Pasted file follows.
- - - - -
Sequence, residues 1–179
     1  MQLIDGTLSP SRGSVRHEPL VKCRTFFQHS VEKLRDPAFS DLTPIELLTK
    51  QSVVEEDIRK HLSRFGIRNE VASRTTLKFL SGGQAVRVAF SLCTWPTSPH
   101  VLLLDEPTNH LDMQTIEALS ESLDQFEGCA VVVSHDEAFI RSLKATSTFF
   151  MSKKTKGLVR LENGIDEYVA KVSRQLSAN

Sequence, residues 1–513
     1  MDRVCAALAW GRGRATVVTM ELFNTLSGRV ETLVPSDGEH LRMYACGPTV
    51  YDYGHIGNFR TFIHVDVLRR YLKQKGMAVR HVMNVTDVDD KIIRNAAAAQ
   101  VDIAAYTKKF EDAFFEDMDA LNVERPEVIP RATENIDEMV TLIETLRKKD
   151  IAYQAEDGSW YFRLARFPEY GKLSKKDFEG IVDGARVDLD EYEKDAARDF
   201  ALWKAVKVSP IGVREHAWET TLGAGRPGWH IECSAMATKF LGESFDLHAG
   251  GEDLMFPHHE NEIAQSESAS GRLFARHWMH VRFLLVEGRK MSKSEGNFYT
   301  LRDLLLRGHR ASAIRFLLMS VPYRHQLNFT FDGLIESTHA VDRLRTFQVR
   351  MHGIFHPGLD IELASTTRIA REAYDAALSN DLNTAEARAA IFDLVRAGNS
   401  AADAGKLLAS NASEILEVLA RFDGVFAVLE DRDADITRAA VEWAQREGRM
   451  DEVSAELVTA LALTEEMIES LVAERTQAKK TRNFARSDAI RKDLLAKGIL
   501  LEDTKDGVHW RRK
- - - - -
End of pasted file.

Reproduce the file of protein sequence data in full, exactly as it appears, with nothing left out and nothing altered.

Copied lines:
Sequence, residues 1–179
     1  MQLIDGTLSP SRGSVRHEPL VKCRTFFQHS VEKLRDPAFS DLTPIELLTK
    51  QSVVEEDIRK HLSRFGIRNE VASRTTLKFL SGGQAVRVAF SLCTWPTSPH
   101  VLLLDEPTNH LDMQTIEALS ESLDQFEGCA VVVSHDEAFI RSLKATSTFF
   151  MSKKTKGLVR LENGIDEYVA KVSRQLSAN

Sequence, residues 1–513
     1  MDRVCAALAW GRGRATVVTM ELFNTLSGRV ETLVPSDGEH LRMYACGPTV
    51  YDYGHIGNFR TFIHVDVLRR YLKQKGMAVR HVMNVTDVDD KIIRNAAAAQ
   101  VDIAAYTKKF EDAFFEDMDA LNVERPEVIP RATENIDEMV TLIETLRKKD
   151  IAYQAEDGSW YFRLARFPEY GKLSKKDFEG IVDGARVDLD EYEKDAARDF
   201  ALWKAVKVSP IGVREHAWET TLGAGRPGWH IECSAMATKF LGESFDLHAG
   251  GEDLMFPHHE NEIAQSESAS GRLFARHWMH VRFLLVEGRK MSKSEGNFYT
   301  LRDLLLRGHR ASAIRFLLMS VPYRHQLNFT FDGLIESTHA VDRLRTFQVR
   351  MHGIFHPGLD IELASTTRIA REAYDAALSN DLNTAEARAA IFDLVRAGNS
   401  AADAGKLLAS NASEILEVLA RFDGVFAVLE DRDADITRAA VEWAQREGRM
   451  DEVSAELVTA LALTEEMIES LVAERTQAKK TRNFARSDAI RKDLLAKGIL
   501  LEDTKDGVHW RRK